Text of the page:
Relocating large families is a "serious national problem," Ransom contended. "Resources for large low-income families are limited or non-existent. There is little or nothing in the way of programs. The private sector rejects such families. They're stigmatized . . . Where do you or anybody here suggest that we put these people?

Winter responded, "I suggest that you not move them out of their homes," from one rat hole into another." She told Ransom that he is one of the few in the city housing department who "tries hard," but added, "People are being moved around like musical chairs, out of one dilapidated house into another."

Ralph Spencer, administrator for building and zoning regulations, agreed with Winter that there is a backlog in processing building permits. He attributed the slowness to staff reductions and to problems in getting engineers to work for the city.

"With the staff we have, we're doing the best we can," Spencer said. "I know it discourages builders to some extent if they have to come to the District and have to be held up for four months."

The ad hoc committee and Winter also questioned the department's management of the city's federal (Section 8) rental subsidies program, a program tha allows eligible families to pay landlords no more than 25 percent of their income for rent. The difference is paid to the landlord through the program's funds from HUD. HUD has allocated help for 570 families or individuals in the city. In the past two years, however, the District has only helped 351 families.

The committee suggested that the city could more aggressively solicit landlords for participation.

"I find it most embarrassing to be fighting for Section 8, when we haven't used our existing Section 8 (allotment)." Winter said. "Developers and real estate people tell me they don't even know about the program."

Winter has asked for a report from the department within 30 days on the Section 8 program and on plans for vacant housing units in the city.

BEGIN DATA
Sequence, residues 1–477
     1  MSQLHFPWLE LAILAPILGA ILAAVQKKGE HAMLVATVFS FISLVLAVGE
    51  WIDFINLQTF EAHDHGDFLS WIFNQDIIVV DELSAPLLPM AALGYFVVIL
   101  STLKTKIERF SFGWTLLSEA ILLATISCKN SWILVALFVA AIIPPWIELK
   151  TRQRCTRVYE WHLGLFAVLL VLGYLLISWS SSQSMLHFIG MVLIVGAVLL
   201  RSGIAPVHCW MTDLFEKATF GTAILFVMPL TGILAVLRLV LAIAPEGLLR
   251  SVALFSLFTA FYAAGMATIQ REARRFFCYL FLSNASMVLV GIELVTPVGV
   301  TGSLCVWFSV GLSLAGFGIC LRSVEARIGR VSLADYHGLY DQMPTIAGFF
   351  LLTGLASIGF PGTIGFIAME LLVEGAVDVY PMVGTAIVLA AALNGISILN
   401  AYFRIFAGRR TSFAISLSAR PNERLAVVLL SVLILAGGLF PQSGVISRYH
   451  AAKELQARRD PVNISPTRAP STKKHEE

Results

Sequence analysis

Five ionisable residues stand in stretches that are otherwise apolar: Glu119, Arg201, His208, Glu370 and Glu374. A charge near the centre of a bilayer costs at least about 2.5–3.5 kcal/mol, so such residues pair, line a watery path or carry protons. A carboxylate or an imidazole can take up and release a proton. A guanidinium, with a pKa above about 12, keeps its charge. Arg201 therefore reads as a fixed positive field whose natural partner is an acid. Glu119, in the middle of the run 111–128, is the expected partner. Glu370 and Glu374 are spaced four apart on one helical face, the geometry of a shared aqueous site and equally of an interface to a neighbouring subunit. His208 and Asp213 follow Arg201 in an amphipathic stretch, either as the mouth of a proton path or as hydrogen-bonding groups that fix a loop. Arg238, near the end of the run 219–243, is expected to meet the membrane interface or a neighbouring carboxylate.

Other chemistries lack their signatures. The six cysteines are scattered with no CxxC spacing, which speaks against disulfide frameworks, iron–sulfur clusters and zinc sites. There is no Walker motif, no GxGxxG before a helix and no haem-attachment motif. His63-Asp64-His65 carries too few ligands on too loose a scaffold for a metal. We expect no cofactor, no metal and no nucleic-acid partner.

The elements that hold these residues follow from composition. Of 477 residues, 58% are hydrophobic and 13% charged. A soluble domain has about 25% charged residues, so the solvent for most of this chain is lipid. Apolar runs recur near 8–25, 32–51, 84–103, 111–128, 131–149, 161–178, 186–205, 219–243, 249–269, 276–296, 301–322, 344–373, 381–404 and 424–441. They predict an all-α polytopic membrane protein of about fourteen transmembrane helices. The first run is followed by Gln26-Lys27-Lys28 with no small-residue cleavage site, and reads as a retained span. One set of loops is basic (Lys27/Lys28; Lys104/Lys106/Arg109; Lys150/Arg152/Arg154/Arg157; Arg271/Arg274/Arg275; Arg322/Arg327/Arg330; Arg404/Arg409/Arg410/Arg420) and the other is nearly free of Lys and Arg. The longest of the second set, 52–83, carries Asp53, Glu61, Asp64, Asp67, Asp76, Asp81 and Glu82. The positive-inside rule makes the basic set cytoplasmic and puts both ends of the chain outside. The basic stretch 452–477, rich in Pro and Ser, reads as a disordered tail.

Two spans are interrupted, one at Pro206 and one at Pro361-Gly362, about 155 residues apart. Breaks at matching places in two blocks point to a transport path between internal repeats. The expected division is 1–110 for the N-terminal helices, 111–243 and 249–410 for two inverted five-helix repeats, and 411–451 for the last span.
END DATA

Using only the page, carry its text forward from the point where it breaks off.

Winter was the only council member who attended the entire hearing, but several council members were there for brief periods.

Council Member David Clarke (D-Ward 1) criticized the department for withholding funds from tenants at the Kenesaw, an apartment building in the Mount Pleasant area where low-income black and Spanish-speaking tenants are trying to form a cooperative to buy and rehabilitate the building. The city has funds available for rehabilitation of such projects.

Clarke suggested that although the department withheld a little more than $1 million from the Kenesaw tenants the department later gave H.R. Crawford, a city property manager, almost the same amount of money for his program to rehabilitate and rent apartments and houses in the city to low and moderate-income families. Crawford, who is running for the City Council as an at-large candidate, tried to buy the Kenesaw last year for an investment group and met strong resistance from the tenants.

"We ought to be encouraging tenants (such as those at the Kenesaw) to put it together themselves and become homeowners," Clarke told housing officials. "Crawford can sell his properties (at the end of five years) at an inflated price . . . the project could be used for speculative purposes," Clarke said.

Housing director Jacobs said his department has withheld funds from the Kenesaw so far because officials felt the tenants are not yet ready to proceed with the project.

After the hearing, Winter told a reporter that she thought some of the answers provided by housing officials were "incredible . . . ridiculous.

"I hope they didn't think the questions were answered to our satisfaction," she said. "I tried hard to remain calm. They seemed very nonchalant about the whole thing."

Winter met again later with the ad hoc citizens group to discuss the oversight hearing.

"They were bitter about the whole thing," Winter said. "They felt I wasn't pushy enough. But I wanted it to be a fact-finding session." She said the citizens group is asking the City Council to withold its approval of next year's Community Development Block Grant applications or pass a resolution asking Jacobs' resignation.

The oversight hearing was to continue at yesterday's regular Council Housing Committee meeting.